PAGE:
NDR 2018: planned to redevelop more old HDB flats before the lease expires

SINGAPORE: The government plans to introduce a new scheme allowing more HDB households to benefit from redevelopment before leases expire for 99 years on their flats, Prime Minister Lee Hsien Loong announced on Sunday (August 19).

Voluntary Early Redevelopment Scheme (VERS) is part of a "long-term plan" to allow the government to redevelop gradual neighborhoods, Lee said in his National Day Rally speech. It will take place when the flats are about 70 years old, he added.

Mr. Lee said that the government will compensate residents whose apartments are being taken back early, and will also help them to live in another flat, exactly as they would when their leases expired.

But the conditions will be less generous than those of the Selective En-Bloc Redevelopment (SERS), because there are "less financial benefits".

That's why he said that the scheme is voluntary and that residents have to vote for VERS, just like they do for the Home Improvement Program (HIP).

"If the residents vote yes, we will continue," he said. explained. "The government buys back the whole district, all flats and redevelops it, and residents can use their proceeds to pay for another flat."

"If the residents do not vote, then they can stay in their flat until their leases expire."

However, Lee said the government needs time to get the details of the plan, such as how to select the neighborhoods, accelerate the redevelopments and the specific conditions of the government's offer. He added that they also need to study how they can afford VERS for the long term.

That's why the scheme will start less than 20 years, although the planning for this will start now, he said.

<img data-src = "http://www.channelnewsasia.com/image/10631662/0x0/2000/2000/191bed73cc624904c4503396eeba184a/lf/vers-infographic.jpg" class = "picture__image lazyload" alt = "VERS infographic [19659014] NECESSITY TO RESTORE STARREN

In explaining the reasons for the new arrangement, Mr. Lee said that the government has good reasons to take back more flats and redevelop them as they grow older , before their 99-year lease contracts are on. "He added that when HDB cities get older and the lease contracts in the estates are almost expiring, it is also necessary to redevelop the cities.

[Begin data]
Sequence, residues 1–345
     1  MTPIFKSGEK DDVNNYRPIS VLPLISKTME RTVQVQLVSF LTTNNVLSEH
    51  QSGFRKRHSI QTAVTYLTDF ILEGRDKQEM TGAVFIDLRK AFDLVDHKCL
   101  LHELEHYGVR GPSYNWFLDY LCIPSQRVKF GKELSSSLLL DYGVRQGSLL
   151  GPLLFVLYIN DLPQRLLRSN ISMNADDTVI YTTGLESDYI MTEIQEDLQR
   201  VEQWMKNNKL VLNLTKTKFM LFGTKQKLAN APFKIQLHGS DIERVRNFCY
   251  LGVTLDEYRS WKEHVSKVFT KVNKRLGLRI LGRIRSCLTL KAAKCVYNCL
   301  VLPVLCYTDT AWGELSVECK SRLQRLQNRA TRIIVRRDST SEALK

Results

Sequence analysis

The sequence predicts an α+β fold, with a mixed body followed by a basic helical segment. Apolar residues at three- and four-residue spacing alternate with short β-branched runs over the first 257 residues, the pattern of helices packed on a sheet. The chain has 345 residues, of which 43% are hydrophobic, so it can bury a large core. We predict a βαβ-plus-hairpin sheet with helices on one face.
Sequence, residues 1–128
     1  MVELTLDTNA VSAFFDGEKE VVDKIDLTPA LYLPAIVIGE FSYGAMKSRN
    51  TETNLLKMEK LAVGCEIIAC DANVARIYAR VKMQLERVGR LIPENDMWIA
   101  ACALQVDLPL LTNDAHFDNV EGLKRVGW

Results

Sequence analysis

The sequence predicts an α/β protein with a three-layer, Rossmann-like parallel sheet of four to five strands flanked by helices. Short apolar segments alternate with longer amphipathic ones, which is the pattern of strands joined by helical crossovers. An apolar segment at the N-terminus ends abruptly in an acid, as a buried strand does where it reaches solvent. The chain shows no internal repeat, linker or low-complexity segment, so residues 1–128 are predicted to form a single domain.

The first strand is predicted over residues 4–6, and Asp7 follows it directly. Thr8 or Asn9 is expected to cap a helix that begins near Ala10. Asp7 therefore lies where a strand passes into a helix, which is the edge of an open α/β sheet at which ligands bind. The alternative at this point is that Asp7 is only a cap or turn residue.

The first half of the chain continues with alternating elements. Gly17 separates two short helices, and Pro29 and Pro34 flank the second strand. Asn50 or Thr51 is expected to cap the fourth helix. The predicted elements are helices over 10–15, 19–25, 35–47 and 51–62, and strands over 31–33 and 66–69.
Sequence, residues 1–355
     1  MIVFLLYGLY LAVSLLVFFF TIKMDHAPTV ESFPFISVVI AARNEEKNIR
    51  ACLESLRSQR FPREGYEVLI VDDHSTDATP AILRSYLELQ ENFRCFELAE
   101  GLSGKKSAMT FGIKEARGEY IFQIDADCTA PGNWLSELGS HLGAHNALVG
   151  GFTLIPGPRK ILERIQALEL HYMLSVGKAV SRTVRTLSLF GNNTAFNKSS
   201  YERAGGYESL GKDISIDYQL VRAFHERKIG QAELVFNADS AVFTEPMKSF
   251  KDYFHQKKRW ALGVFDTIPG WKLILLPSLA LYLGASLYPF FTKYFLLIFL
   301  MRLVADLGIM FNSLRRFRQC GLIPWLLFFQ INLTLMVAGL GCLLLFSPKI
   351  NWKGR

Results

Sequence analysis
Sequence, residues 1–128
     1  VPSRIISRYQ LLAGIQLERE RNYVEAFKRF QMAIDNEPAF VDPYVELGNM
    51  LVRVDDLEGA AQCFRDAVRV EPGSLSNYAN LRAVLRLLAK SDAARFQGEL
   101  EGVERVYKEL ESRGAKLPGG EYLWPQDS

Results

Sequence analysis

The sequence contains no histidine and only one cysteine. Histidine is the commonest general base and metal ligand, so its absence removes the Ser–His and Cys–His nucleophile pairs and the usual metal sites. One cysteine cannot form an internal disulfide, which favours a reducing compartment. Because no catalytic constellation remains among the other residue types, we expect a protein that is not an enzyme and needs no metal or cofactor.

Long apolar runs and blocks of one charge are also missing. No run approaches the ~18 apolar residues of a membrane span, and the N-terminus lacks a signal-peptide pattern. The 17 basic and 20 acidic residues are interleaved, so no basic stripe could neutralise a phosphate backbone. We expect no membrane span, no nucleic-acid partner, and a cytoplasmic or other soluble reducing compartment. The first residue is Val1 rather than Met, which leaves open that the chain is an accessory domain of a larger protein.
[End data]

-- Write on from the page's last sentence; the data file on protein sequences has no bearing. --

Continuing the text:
The government, he said, wants to do this in an orderly manner.

He explained that the HDB often built a "huge rush" in the early years as a result of the shortage of housing, and several older HDB estates, such as Marine Parade, Ang Mo Kio and Bedok, were built in short periods.

"If we do not plan ahead, 99 years later, all leases in such cities will expire at the same time and all flats will be back in the state in a few years, "he said.

"We will have to find new homes for many people at the same time, and HDB will have to break down and rebuild all the old apartments in a hurry, just like when we first built Marine Parade, Ang Mo Kio and Bedok," he added. toe.

"I do not think this is a good idea," he said. "The cities will once again become construction sites, with cranes everywhere."

That's why Lee said that old cities should be progressively redeveloped, more than 20 to 30 years, instead of within 4-5 years. [19659002] "And that means you have to start when the oldest flats are about 70 years old," he said.

"So some flats, you redevelop when they turn 70, such as 75, so 80, and you stretch it over 20-30 years, and progressively, do things on a measured and well-considered way. "


In his speech Mr. Lee pointed out that SERS is a very good scheme for rejuvenating the estate. But he noted that it is a "very limited schedule", and HDB estimates that only about 5 percent of flats are suitable for SERS.

The issue of the expiration of the lease of older HDB flats was recently in the limelight, after a blog post last year by National Development Minister Lawrence Wong. He had said that SERS, as the name implies, happens on a selective basis, and said that homeowners should not automatically assume that all old HDB flats are eligible.

More recently, amid concerns about the impact of the expiry of the lease agreement on HDB resale prices, Mr Wong said in Parliament that there is still value in older HDB flats that can be unlocked for their pension.

Mr. Lee said there will be a few more SERS projects, but many projects with a high redevelopment potential have already been done

He explained that SERS is intended for selected HDB blocks or sites with a high development value that can be unlocked. Tanglin Halt, which is being redeveloped via SERS, is an example.

But it was not optimally built, and the neighborhoods, he said, were not always well-structured: there are low-rise apartments, large parking garages, lots of empty spaces and odd remaining areas.

He said that in cases such as Tanglin Halt it is economically justified that the government takes the flats back early and redevelops the site.

"Because much value has been unlocked, we share this value with residents through generous compensation," he said. "And with generous compensation we can make the acquisition mandatory."

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